Against a basket of six major currencies, the greenback fell to 96.120, its lowest since Nov. 8, after falling nearly half a percent last week, its biggest weekly drop since late September.
The index was last down 0.29 percent at 96.18. Fed Vice Chair Richard Clarida and Dallas Fed President Robert Kaplan on Friday raised concerns over a potential global slowdown that has markets betting heavily that the rate-hike cycle is on its last legs, even as they still signaled further interest rate increases ahead.
Fed Chairman Jerome Powell on Wednesday also cited slowing global growth as a headwind to the U.S. economy. Capital Economics sees the federal funds rate peaking at 2.75-3.0 percent in mid-2019.
"Although investors now think the rate will peak closer to the bottom of this range than the top...they are still a long way from discounting the substantial rate cuts that we anticipate in 2020 as the Fed responds to a sharp economic slowdown," said John Higgins, chief market economist, at Capital Economics in London.
The Fed has raised interest rates three times this year and is expected to raise its target again in December, to a range of 2.25 percent to 2.5 percent.
The dollar has been the surprise winner of 2018, having risen nearly 10 percent from April lows thanks to a combination of interest rate hikes and strong economic data. But the growing view that U.S. economic growth may have peaked has begun to erode the gains.
In a 2019 outlook note, strategists at Goldman Sachs said the greenback may decline as much as 6 percent against most of its developed market rivals, as the U.S. economy starts to slow with the impact from tax cuts and easy conditions fading through the year.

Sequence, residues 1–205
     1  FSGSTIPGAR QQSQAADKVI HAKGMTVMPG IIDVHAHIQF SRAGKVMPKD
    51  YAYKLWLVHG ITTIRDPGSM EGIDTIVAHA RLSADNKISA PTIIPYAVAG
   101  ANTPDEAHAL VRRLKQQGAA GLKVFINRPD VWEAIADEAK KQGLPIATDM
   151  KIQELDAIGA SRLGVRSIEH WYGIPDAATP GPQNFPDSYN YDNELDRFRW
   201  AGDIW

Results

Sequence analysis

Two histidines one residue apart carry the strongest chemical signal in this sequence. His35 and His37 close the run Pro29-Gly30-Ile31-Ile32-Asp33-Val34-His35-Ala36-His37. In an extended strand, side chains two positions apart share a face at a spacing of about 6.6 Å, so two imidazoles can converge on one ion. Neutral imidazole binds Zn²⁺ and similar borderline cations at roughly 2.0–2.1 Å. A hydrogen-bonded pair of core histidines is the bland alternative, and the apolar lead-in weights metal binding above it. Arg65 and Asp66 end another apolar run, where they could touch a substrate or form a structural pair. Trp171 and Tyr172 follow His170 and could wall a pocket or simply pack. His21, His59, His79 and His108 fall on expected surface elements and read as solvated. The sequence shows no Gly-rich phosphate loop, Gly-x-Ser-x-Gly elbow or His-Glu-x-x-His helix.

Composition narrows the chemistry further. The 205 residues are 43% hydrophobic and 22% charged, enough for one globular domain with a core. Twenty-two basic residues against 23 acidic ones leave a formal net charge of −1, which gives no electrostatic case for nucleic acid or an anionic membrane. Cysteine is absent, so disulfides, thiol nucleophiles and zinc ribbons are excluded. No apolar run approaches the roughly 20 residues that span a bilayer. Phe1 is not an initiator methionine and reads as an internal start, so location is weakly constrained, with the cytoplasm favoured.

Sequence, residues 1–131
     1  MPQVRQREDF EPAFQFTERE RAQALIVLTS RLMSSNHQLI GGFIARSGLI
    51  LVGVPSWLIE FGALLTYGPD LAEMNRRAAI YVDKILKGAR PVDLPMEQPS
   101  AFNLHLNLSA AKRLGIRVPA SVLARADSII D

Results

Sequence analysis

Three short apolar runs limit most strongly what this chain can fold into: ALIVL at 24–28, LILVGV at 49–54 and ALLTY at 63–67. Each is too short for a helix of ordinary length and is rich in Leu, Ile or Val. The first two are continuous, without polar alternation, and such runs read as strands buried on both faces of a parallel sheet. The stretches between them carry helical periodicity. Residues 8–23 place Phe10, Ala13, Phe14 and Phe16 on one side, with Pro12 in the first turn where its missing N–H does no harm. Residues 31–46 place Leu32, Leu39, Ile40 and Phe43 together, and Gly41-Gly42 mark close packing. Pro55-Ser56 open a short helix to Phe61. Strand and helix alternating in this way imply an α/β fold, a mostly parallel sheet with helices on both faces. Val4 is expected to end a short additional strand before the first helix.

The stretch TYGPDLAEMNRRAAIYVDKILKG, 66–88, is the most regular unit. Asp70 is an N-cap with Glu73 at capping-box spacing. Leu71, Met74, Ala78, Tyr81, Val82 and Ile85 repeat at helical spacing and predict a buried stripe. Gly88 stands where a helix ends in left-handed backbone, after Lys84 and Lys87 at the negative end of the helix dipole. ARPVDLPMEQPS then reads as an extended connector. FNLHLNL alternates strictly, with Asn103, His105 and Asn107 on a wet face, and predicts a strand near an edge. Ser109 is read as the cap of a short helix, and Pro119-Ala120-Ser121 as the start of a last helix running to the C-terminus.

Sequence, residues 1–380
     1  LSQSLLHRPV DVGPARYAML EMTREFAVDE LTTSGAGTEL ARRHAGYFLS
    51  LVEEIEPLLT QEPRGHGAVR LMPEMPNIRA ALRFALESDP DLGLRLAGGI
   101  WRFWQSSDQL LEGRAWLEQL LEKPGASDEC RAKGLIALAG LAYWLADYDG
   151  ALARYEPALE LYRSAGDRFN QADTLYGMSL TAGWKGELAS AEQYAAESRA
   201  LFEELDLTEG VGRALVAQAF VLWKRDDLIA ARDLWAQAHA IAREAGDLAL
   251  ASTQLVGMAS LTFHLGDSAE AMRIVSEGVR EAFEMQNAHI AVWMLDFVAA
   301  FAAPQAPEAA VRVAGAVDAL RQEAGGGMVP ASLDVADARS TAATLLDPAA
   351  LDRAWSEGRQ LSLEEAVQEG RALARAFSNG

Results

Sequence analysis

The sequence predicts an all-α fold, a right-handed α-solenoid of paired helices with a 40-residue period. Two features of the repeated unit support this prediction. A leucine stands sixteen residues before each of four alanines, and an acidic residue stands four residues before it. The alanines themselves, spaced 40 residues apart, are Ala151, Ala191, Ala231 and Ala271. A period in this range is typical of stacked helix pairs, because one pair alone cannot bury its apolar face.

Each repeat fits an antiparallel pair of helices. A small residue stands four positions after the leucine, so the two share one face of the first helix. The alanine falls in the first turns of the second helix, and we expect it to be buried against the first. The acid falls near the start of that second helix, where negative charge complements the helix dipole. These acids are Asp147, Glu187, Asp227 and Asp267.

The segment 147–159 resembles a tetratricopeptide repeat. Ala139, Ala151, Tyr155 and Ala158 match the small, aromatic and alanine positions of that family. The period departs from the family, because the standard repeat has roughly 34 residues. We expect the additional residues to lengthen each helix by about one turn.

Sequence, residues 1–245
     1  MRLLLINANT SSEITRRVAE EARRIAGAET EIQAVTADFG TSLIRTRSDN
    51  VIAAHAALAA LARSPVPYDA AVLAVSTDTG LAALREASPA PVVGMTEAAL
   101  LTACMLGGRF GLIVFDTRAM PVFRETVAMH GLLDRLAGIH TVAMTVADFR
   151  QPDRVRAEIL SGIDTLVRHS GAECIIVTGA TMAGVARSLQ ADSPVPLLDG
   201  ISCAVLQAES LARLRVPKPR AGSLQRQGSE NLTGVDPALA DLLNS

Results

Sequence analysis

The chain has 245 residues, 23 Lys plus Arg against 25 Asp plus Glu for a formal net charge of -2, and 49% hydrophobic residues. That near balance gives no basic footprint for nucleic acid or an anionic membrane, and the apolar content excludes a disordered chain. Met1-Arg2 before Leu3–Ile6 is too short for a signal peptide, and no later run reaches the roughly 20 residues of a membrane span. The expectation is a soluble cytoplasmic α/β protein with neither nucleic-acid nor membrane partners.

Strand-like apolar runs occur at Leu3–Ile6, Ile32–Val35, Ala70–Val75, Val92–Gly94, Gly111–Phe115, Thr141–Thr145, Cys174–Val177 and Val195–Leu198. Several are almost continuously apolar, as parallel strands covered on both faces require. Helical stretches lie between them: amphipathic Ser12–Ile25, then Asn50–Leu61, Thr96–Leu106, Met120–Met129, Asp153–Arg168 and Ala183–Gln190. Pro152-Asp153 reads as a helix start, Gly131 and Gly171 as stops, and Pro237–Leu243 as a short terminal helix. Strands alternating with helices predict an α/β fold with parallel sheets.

The euro, meanwhile, rallied against the dollar despite concerns about negotiations between Brussels and Rome on Italy's budget plans. It was changing hands at $1.1454, up 0.32 percent, after hitting two-week highs earlier.
Ned Rumpeltin, European head of FX strategy, at TD Securities in London, said a clear break above $1.1440, a minor trendline resistance, would target $1.15, while a close above that level would signal a change in trend in favor of the euro.
Elsewhere, sterling remained in the spotlight with the currency expected to stay under pressure until the market gets more clarity on the progress of the Brexit deal.
It rose 0.15 percent versus the dollar to $1.2856 after a 1 percent drop last week as British Prime Minister Theresa May's draft EU divorce deal met with stiff opposition and several ministers resigned